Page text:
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Saturday, September 23, 2006

The Elephant on the Election Floor

Well, I was wrong.

I had predicted Beckwith on the 5th Ballot. It was Beckwith on the 3rd.

Let me say, straight up, that I am thrilled beyond the telling.

We voted for the person who

* can hit the diocesan ground running;

* make tough decisions which have grown more difficult because they have been delayed;

* is confident enough in himself and God’s love for him that he will withstand the hatred that will come his way when he leads us in making difficult decisions;

* has a healthy understanding and embrace of the historic legacy and ongoing vocation of the Diocese of Newark;

* has a passion for the mission and ministry of Jesus Christ;

* is, above all else, a person of deep and disciplined prayer who will be a sensitive and loving chief pastor to all the baptized.

When the diocesan clergy gathered last Thursday at St. Agnes in Little Falls, we discussed the clergy one by one, in alphabetical order, for 15 minutes each.

After a lull in the conversation about Beckwith, one of the facilitators (neither one Episcopalian nor ordained), asked, “Well, we have about 5 minutes left. Does anyone have anything negative to say about this man?”

Nervous laughter ensued.

After a few quiet moments, one of our clergy said, “Well, in many ways, he’s the easy vote.”

More nervous laughter.

That was the only negative thing anyone said about Mark Beckwith. I think many of us knew, then and there, that he would be elected the 10th bishop of Newark.

The excitement and renewed energy in the diocese is palpable. My diocese is on its way back! In my 15 years here, I’ve never seen us more fragile and depressed. Not any longer. We’re back. And, we’ve never been more willing to do whatever needs to be done, that all who see our good works might give praise and glory to God through Christ Jesus, by the power of the Holy Spirit.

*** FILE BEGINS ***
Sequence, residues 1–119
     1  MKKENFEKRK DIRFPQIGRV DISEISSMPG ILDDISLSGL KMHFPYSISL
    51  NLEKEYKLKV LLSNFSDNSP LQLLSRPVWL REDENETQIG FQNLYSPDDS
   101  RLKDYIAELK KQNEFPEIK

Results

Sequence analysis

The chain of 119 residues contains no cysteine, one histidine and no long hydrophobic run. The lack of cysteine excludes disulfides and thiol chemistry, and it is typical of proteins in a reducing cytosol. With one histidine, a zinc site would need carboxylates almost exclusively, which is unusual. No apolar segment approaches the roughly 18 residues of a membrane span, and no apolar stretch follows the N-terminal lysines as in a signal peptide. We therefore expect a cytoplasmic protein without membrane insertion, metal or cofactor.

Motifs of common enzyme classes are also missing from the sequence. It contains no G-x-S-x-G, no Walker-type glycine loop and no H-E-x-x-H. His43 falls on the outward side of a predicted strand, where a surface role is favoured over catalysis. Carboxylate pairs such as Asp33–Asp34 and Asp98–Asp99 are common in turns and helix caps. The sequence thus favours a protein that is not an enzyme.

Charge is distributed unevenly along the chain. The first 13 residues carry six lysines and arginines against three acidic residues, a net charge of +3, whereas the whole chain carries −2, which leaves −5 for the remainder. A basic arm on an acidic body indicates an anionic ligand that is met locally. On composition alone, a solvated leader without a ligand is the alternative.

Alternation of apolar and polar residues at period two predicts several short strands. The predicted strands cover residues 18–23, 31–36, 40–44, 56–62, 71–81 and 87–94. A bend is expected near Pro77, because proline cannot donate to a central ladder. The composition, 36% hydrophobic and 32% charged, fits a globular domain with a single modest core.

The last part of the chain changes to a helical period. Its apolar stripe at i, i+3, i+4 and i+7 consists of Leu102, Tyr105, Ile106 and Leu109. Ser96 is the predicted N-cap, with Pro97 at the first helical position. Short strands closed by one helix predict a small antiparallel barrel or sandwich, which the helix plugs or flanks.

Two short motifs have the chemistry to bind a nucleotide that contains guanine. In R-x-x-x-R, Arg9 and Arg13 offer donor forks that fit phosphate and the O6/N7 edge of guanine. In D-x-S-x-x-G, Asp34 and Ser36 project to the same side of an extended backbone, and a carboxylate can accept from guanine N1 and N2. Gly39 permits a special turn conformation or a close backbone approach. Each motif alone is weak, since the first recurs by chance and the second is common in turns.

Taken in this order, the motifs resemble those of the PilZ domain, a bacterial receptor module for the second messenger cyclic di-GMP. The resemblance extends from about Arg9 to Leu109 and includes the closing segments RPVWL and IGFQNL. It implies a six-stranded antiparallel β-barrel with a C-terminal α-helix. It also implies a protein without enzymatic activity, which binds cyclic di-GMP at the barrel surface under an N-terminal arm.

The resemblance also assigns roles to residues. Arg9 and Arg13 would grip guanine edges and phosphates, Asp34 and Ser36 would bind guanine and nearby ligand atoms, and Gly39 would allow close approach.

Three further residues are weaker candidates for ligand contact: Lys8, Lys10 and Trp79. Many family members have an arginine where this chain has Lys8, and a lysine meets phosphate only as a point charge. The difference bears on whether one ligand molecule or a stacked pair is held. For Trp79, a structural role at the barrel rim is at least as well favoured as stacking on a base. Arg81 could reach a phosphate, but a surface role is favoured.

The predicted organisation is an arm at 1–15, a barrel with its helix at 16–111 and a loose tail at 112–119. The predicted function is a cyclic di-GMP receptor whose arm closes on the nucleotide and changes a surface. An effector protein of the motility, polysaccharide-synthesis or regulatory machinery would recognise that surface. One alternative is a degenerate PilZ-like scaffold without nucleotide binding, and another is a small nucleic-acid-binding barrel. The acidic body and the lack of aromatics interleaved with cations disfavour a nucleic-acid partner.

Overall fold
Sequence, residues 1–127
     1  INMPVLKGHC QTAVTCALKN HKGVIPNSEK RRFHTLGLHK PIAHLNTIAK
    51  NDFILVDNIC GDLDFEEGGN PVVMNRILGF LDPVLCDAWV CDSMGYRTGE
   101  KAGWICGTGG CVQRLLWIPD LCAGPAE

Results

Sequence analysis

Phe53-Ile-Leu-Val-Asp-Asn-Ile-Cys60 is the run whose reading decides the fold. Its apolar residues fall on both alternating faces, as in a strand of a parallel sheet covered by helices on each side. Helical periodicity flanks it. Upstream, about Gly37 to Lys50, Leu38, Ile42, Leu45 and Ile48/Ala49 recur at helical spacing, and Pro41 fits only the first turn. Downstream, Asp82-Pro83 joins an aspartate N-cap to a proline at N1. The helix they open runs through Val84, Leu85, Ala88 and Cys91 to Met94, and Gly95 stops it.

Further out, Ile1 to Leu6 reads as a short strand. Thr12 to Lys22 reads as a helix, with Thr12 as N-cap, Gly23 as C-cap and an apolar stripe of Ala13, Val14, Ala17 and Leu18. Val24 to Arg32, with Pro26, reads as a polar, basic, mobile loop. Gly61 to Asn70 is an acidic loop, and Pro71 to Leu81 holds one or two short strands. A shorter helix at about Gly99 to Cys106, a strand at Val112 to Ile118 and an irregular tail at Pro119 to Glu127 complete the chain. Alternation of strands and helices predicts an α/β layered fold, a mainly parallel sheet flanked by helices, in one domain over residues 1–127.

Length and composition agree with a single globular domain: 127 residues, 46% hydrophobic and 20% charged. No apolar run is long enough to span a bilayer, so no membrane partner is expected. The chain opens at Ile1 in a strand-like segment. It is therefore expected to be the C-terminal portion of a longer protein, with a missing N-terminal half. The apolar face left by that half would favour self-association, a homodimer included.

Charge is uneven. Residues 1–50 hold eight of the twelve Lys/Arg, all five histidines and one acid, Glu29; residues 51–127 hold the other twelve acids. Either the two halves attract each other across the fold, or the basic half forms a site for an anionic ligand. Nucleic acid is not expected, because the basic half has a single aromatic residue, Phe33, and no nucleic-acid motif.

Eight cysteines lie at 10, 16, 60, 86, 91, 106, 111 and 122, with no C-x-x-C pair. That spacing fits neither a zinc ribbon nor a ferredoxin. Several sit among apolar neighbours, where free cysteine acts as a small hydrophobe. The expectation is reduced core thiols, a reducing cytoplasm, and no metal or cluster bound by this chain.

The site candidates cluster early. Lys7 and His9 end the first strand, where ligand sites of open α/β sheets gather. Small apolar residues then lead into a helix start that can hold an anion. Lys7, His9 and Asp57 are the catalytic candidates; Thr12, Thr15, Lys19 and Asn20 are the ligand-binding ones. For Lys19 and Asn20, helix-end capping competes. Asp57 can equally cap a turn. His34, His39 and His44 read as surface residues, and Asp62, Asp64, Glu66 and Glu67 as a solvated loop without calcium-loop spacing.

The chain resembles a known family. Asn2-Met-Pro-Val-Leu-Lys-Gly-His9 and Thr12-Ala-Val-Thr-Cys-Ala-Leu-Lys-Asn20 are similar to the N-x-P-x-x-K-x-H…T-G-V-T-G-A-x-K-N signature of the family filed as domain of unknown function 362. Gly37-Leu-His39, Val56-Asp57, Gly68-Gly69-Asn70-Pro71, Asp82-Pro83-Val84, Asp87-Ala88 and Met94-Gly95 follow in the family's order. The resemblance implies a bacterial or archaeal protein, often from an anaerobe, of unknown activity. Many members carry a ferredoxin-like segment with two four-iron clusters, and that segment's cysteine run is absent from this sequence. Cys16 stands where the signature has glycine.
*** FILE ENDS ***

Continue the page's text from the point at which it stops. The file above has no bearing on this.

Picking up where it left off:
Would it have been wonderful to have another woman in the House of Bishops? No doubt.

Would it have been more than wonderful to have had an Ugandan as bishop, representing the Diocese of Newark at Lambeth Palace in 2008? My heart still leaps at the thought.

Would Michael Barlowe have been an amazing bishop here? And at Lambeth in 2008? And at General Convention 2009? And, beyond? Absolutely.

Which brings me to the elephant on the election floor.

One of the things we did not discuss as a diocese – at least not fully enough for my satisfaction – is the disenfranchisement of a specific group of people by The Windsor Report and the resultant response, General Convention Resolution B033.

The fact that a person of Michael’s obvious intelligence, skill, talent and expertise ended up second to last on the ballot, just above the one candidate who was not an actual candidate but a self-acknowledged referendum on the present status of the diocese, is ample evidence of the negative, chilling effect of what has become, in effect, a foreign curia.

Many of us, rightly concerned about the state of our diocese, worried about the effect the media circus would have on Michael’s ability to lead and BE an actual bishop, rather than be “another gay bishop.”

It doesn’t take much to read between the lines of what I have articulated as the reasons I feel we elected Mark Beckwith to understand why we couldn’t elect anyone from the margins of the institutional church. Not that they all weren’t more than qualified – including Chip Stokes, the straight, white guy (God love him) who, from Florida, was the ‘outsider’ of all of the candidates.

I continue to believe that, had we had the opportunity to talk about B033 as a deputation as well as a convention, before taking the vote in Columbus, the vote would have been much narrower, if not much different.

I continue to believe that, had we had more opportunities for transparent, organized, facilitated diocesan discussion about the effects of The Windsor Report and B033 before the election today, it might have gone a bit differently.

I believe with all my heart that a gay or lesbian priest will be nominated and elected bishop in some diocese some where before Lambeth 2008 or General Convention 2009. And, I believe that person will receive the required consents from bishops with jurisdiction as well as standing committees.